Coming fresh back from holiday, it allowed me to clear my mind and take an assessment to the vibe of where the industry came from, where we are at, and better focus on what direction things appear to be headed. With many of our reviewers having also relaxed last month, you can expect quite a few new reviews to appear within our July edition. There is so much going on within the world that it can be hard to sift through the noise and hear the signal. With all that said, it is time to dig in and appreciate our past, present and future.
Early high-end audio was really more a DIY and interesting mix of things with Dynaco, Heathkit, McIntosh Laboratories, Acoustic Research, Klipsch, Altec, Eico, Electro-Voice, Fisher, Bozak, Fairchild, EMT, Wharfedales, Quad.... plus perhaps Lafayette and Radio Shack though maybe not. Eli Rochlin covered some of this within his Old Timer's Corner (click here). As i was far too young, his article is truly a first-hand look of the early days of 'modern' development within high-end audio.
In 1991 the Harmon owned -- who also owns Harman Kardon, JBL and Infinity) -- released the Mark Levinson No. 30 preamplifier and in 1992 the No. 31 Reference CD transport. Many reviewers felt that these two products were a huge leap forward in achieving the very best in music reproduction. Moving forward, in 1993 Theta Digital had just launched their DS Pro Generation II that used high-speed logic ICs, two field-programmable-gate-arrays, then improved PLL circuitry to handle 32 and 48 kHz with the then new Burr-Brown 20-bit DACs (PCM 63). This truly was state-of-the-art in its time. And a few years later came a brief bump in the road per se.
Fast forward to circa 1997 and the Japanese financial crisis was felt hard for many audio manufacturers. The then highly thriving country eager to purchase boutique high-end goods dried up. Before this downfall our industry was experiencing some great growth in technological advances, new manufactures entering the industry and improvements in digital replay happening almost as fast as home computer processing speed. Of course this was early digital, which like any computer technology grows at a fast pace.
It is also interesting to note that amplification products that use vacuum tubes were growing in popularity during this time period and still thrive today. Like many vinyl enthusiasts indicate, newer technology is not always perceived as better. Another factor within amplifiers is that many of those 'good' solid-state amplification parts have become unavailable and, thus, many high-end companies have horded such bits. Even today i get press releases from companies where they say how they have this magic batch of devices used within their products. Speaking of unavailable, the very popular Black Gate capacitors also have now virtually disappeared from normal stock shelves and so manufacturers have been hording these are, at times, trading their backstocks between one another.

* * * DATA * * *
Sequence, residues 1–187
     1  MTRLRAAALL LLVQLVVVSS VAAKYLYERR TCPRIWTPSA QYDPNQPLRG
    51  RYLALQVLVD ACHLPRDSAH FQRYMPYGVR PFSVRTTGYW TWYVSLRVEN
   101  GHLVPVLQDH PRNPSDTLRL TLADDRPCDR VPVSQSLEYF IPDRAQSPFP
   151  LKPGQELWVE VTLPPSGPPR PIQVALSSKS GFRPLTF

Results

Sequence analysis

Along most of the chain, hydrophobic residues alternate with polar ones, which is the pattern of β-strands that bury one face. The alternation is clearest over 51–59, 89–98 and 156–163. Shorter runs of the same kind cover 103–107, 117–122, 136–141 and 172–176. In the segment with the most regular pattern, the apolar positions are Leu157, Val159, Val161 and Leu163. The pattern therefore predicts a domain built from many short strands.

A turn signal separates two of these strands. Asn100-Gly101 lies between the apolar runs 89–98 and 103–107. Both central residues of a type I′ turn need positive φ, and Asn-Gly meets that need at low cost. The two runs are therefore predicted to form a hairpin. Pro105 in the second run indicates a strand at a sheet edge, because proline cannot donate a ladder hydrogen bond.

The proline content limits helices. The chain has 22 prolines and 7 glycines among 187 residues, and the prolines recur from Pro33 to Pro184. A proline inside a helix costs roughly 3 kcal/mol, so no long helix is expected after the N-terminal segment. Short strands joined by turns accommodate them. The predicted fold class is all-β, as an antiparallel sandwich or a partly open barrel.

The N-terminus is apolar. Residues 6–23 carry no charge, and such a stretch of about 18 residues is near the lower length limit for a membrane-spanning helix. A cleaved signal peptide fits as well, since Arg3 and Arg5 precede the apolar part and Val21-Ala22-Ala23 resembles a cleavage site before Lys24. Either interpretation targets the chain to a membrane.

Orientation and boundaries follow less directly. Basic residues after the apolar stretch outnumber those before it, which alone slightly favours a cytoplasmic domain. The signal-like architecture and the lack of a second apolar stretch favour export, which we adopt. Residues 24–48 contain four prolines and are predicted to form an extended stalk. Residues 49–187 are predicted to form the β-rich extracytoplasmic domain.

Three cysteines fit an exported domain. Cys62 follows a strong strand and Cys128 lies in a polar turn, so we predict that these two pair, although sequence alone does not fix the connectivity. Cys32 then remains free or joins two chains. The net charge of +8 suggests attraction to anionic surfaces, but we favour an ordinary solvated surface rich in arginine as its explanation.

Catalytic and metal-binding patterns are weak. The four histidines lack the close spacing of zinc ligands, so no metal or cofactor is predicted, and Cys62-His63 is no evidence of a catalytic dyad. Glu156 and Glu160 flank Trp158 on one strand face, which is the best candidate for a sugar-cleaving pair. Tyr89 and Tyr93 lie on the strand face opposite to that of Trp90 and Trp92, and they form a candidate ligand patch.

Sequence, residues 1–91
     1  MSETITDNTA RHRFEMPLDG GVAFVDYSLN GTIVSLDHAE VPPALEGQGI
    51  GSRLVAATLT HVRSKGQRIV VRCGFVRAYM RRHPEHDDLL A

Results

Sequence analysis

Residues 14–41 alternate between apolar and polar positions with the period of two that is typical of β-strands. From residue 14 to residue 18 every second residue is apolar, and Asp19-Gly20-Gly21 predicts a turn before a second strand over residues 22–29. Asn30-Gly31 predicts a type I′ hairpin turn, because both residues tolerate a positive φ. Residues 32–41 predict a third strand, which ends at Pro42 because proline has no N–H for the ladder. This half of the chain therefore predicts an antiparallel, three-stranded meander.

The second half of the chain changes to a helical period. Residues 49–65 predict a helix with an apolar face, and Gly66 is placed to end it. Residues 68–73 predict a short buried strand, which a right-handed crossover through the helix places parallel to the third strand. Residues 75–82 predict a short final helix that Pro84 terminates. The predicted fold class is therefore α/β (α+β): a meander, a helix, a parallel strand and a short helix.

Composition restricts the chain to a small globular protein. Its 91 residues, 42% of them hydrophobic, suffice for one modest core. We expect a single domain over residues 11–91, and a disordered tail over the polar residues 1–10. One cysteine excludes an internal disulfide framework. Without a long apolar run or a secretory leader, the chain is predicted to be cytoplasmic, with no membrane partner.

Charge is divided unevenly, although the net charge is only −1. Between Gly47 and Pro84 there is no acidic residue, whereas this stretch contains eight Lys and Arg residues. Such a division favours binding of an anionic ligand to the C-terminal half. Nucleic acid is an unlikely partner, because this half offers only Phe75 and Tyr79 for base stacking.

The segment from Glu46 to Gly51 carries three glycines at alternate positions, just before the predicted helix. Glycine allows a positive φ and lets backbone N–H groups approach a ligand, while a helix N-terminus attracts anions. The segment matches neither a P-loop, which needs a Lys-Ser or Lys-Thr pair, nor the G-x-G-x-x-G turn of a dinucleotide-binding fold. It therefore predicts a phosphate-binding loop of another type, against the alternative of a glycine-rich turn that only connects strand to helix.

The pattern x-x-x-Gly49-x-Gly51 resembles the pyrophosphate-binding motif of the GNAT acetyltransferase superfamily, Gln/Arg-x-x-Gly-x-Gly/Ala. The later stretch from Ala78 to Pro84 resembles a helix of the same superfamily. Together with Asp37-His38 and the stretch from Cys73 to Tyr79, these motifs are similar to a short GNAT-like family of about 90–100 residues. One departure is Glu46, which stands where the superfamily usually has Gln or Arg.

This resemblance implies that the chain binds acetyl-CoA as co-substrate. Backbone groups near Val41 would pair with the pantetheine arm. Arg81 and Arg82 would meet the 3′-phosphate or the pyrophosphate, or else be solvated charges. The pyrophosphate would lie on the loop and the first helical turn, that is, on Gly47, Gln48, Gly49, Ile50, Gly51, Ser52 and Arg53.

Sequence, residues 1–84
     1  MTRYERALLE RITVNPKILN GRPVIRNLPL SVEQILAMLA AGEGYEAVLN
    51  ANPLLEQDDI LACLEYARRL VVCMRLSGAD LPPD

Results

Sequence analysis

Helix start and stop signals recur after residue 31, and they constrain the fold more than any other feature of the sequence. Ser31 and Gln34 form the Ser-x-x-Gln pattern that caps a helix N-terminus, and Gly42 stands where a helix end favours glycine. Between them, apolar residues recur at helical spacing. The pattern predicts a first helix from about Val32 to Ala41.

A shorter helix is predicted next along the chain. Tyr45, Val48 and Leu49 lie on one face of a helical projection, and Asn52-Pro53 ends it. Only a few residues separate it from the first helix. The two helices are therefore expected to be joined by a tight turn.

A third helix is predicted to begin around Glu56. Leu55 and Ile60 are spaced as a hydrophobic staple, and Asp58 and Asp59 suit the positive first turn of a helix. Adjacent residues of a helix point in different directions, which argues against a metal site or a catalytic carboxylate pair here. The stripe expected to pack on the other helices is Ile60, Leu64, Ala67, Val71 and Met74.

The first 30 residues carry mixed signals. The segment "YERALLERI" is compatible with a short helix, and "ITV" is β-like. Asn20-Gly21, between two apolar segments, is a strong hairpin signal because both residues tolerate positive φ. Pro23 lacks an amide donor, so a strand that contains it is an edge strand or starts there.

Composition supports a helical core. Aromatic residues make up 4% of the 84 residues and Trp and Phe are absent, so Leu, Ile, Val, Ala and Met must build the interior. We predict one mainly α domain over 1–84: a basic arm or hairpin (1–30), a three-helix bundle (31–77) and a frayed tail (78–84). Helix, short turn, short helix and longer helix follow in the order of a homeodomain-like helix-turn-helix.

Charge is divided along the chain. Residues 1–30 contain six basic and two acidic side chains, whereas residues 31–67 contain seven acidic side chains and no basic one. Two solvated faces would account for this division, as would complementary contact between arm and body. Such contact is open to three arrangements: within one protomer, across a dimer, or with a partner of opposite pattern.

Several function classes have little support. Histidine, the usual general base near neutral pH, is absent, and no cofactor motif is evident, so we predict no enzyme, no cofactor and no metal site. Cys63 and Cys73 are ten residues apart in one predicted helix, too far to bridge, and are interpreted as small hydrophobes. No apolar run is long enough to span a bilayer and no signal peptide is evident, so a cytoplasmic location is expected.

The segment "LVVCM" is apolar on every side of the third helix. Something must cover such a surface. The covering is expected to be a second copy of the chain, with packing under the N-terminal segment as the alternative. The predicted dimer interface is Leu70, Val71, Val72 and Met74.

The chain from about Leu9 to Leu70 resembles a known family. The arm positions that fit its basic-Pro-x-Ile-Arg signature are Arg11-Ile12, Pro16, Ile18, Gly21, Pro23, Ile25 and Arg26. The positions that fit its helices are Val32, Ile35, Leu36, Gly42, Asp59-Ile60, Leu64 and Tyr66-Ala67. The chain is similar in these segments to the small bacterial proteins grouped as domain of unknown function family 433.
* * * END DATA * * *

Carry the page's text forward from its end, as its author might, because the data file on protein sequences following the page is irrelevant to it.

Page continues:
Today audiophiles have a wide array of choices for enjoying music, including CD, DVD-Audio, SACD, Internet music downloads, vinyl and to some extent reel-to-reel. In addition, many of us have discovered that it makes no sense to keep physical digital media discs and, instead, rip them to a hard drive and then convert the digital bits to an appropriate DAC. Speaking for myself, and other reviewers appear to agree, this path simply sounds better plus managing the many thousands of songs is far easier than having to hunt/seek for the disc within a large storage case.
As for the future, at some point i see all physical digital media discs being a thing of the past as we have stored music on hard drive or simply stream it from the Internet. Perhaps HDtracks or others will offer an all you care to enjoy monthly subscription. Hopefully online 'radio' services like Pandora, Last.fm and MOG will stream uncompressed high-rez version of music. For in-car enjoyment, guys like me have to 'hack' in such radio services using the analog output of our cell phone, as the highly limited satellite service XM/Sirus are so cira 2000 and 'HD' radio still has those annoying commercials with no way to pay a fee to opt out of the SUNDAY SUNDAY SUNDAY MONSTER TRUCK MADNESS....
It is interesting that within my interview at TNT Audio (circa 1999) that i was discussing digital music via satellite, as a company called Teledesic was going to put many birds in the air to offer commercial broadband Internet. Anyone who has struggled with Hughes for their Internet connection knows the extreme limitations of what that technology currently offers. Of course i have a feeling Teledesic would be more like XM/Sirus, but then how would it handle transmission back to the birds? Good thing is we now have cell carries providing reasonable (still not fast IMHO) Internet. As speeds ramp up over the next decade or two it would be easy to have car radios and portable devices handle high-rez Internet music. Yes, we right now have the ability to access our home network anywhere in the world and, thus, our hard drives with audiophile quality tunes. The limiting factor is the wireless Internet speed for mobile devices (car, portable, etc). Am a huge lover of music services as they allow me to discover new music. So who will be the first audiophile company to offer high-end mobile systems with such high speed wireless Internet capabilities and, dare i ask, digital audio output? Sure we have Linn, Burmester, Infinity and others with car systems, yet they do not have the added capability of hooking into the Internet. So the future, as i see it, is truly high speed wireless bandwidth capability coupled with audiophile quality online services plus the ability to use the music within our home system/network.
As i virtually always end my prediction articles... The future is what we make of it, so make it a good one (nod to the movie Back To The Future).